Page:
Another interesting framework for the analysis of climate policy’s effect on employment is the so-called Porter hypothesis, where strict environmental regulation can increase competitiveness due to the positive impacts on efficiency and innovation. The hypothesis claims that strict environmental regulation can increase the innovation operations of regulated companies and, thus, improve productivity, competitiveness, and value for the end-user.
As the third framework, we also see that the development of green infrastructure and related R&D operations will receive trillions of euros from all over the world during this decade.
Already, the EU’s Green Deal investment programme promises investments worth 1,000 billion during this decade to clean energy, industries relating to the circular economy, and the R&D promoting it. The US presidential candidate Joe Biden’s corresponding “Climate and environmental justice” proposal promises to mobilise USD 1,700 billion from the national budget in order to develop a cleaner energy system and corresponding jobs. China’s carbon neutrality goal of 2060l, will inevitably mobilise massive investments.
All of this means that unprecedented amounts of money will flow into the green economy in the near future. It also opens great opportunities for Finnish business — for example, according to EK’s Matti Kahra, the publishing of China’s carbon neutrality goal will open a massive market opportunity for the Finnish energy transportation, and other sectors’ clean solutions.
ETLA, SYKE, and Demos Helsinki are looking into the effects of climate policy on employment for the Finnish Prime Minister’s office
ETLA, SYKE and Demos Helsinki have been commissioned by the Prime Minister’s Office of Finland to study in close cooperation, with central stakeholders, what effects climate policy will have on employment. This VN TEAS research project studies, among others, the key channels of influence between climate policy and employment, as well as the changes in skills and jobs happening in the move towards a carbon-neutral economy. For example, the key channels of influence on climate policy’s effects on employment, and the know-how needs and the changes of the professional structures, are being slowly figured out in the recently started VN TEAS research project moving towards a carbon neutral economy. Moreover, the research project will study which types of climate actions are most risky and most beneficial for employment rate targets.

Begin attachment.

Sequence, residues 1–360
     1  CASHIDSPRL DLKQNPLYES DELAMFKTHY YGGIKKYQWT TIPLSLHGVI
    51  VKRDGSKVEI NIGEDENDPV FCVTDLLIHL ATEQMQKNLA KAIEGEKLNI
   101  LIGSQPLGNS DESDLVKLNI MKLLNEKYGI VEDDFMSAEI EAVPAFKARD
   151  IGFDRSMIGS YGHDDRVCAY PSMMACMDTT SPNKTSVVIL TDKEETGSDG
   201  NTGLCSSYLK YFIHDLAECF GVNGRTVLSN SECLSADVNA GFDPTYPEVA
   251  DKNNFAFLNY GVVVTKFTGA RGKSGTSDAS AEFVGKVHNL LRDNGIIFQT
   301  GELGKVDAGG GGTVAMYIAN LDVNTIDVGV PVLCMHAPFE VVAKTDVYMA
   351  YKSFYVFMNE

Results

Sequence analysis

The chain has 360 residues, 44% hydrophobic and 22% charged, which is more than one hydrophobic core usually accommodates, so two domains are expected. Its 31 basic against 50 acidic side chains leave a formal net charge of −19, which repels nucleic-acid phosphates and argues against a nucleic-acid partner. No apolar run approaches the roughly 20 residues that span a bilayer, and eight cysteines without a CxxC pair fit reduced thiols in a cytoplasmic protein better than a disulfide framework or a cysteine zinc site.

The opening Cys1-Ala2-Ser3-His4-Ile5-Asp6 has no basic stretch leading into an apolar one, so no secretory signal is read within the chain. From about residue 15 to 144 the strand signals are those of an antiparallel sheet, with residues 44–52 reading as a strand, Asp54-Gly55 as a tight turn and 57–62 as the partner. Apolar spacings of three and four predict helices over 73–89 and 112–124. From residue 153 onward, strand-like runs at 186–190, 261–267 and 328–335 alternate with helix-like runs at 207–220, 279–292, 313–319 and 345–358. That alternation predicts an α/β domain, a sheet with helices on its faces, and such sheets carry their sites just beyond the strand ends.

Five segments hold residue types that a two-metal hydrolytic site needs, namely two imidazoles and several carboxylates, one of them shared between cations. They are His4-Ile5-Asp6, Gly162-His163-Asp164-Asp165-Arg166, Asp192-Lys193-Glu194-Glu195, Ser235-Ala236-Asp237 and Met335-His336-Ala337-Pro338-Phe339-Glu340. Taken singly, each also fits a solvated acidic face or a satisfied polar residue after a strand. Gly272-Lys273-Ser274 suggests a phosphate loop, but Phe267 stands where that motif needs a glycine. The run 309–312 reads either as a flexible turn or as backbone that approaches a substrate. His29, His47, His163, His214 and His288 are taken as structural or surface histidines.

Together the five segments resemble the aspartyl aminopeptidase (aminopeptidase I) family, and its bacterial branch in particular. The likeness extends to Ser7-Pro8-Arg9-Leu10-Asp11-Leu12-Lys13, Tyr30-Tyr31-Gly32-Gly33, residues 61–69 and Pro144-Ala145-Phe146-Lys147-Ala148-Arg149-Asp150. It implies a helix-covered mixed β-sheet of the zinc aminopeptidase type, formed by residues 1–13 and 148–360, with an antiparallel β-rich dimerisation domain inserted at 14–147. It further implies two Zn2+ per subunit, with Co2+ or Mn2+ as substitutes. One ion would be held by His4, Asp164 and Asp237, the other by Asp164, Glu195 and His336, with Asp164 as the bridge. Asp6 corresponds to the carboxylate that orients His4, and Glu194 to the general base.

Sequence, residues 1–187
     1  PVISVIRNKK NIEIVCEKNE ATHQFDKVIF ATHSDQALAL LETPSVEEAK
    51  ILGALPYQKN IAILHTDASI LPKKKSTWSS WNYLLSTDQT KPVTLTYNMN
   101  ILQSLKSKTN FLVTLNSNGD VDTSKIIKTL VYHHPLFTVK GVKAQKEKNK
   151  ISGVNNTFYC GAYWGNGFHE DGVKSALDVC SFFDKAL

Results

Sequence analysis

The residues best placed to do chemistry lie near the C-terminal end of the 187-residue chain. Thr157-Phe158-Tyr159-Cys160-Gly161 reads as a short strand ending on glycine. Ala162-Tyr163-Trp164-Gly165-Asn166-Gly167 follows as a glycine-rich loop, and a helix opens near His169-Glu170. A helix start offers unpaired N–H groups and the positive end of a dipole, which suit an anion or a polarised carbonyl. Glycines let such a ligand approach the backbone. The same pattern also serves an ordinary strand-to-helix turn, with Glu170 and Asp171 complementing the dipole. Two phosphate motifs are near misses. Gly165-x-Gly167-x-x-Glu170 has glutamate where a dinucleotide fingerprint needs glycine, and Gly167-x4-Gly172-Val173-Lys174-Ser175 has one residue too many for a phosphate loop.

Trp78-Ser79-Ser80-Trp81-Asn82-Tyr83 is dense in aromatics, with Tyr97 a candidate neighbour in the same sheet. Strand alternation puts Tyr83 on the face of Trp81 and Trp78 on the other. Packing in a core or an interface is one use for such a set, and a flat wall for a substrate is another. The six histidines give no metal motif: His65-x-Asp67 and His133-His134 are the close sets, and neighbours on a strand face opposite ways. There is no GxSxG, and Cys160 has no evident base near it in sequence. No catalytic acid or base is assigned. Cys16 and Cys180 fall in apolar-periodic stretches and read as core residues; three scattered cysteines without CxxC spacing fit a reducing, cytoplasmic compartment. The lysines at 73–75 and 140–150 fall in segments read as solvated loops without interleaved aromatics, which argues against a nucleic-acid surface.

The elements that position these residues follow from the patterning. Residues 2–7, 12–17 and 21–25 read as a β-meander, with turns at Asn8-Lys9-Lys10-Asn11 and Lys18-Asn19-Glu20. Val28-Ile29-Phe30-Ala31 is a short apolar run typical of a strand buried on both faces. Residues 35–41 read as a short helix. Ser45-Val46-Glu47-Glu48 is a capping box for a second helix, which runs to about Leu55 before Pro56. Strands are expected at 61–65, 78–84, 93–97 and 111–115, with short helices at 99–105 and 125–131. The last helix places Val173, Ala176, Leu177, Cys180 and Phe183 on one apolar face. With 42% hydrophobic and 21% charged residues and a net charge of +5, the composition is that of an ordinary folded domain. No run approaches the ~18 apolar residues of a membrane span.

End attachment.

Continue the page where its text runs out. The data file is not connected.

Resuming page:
The research is conducted using diverse methods. The industry-specific effects of climate policy are reviewed in the global trading analysis project (GTAP) model, which is complemented with detailed input-output analyses. The results gained from the quantitative material are deepened and clarified with qualitative methods. Interviews with stakeholder representatives are used to understand how knowledge, skills, and profession change as a result of climate policy., and, regarding employment, the specifically risky and positive political activities from different sectors are being plumbed. The project is done interactively with the important stakeholders regarding employment and climate policy, which, alongside state actors, include for example representatives of labor market organisations, companies, and non-governmental organisations.
The project began with an opening event held on 9/10/2020, where stakeholders’ points of view were collected regarding the project’s research questions. The project is expected to be completed by the end of March 2021.
If you have any questions about the project, please contact the research team.
Research team contact information
Project Manager: ETLA, Tero Kuusi, firstname.lastname@example.org, +358 41 444 8144
Project interaction: Demos Helsinki, Tuuli Kaskinen, email@example.com, +358 50 514 9752
Research Partner: SYKE, Johanna Pohjola, firstname.lastname@example.org, +358 295 251 518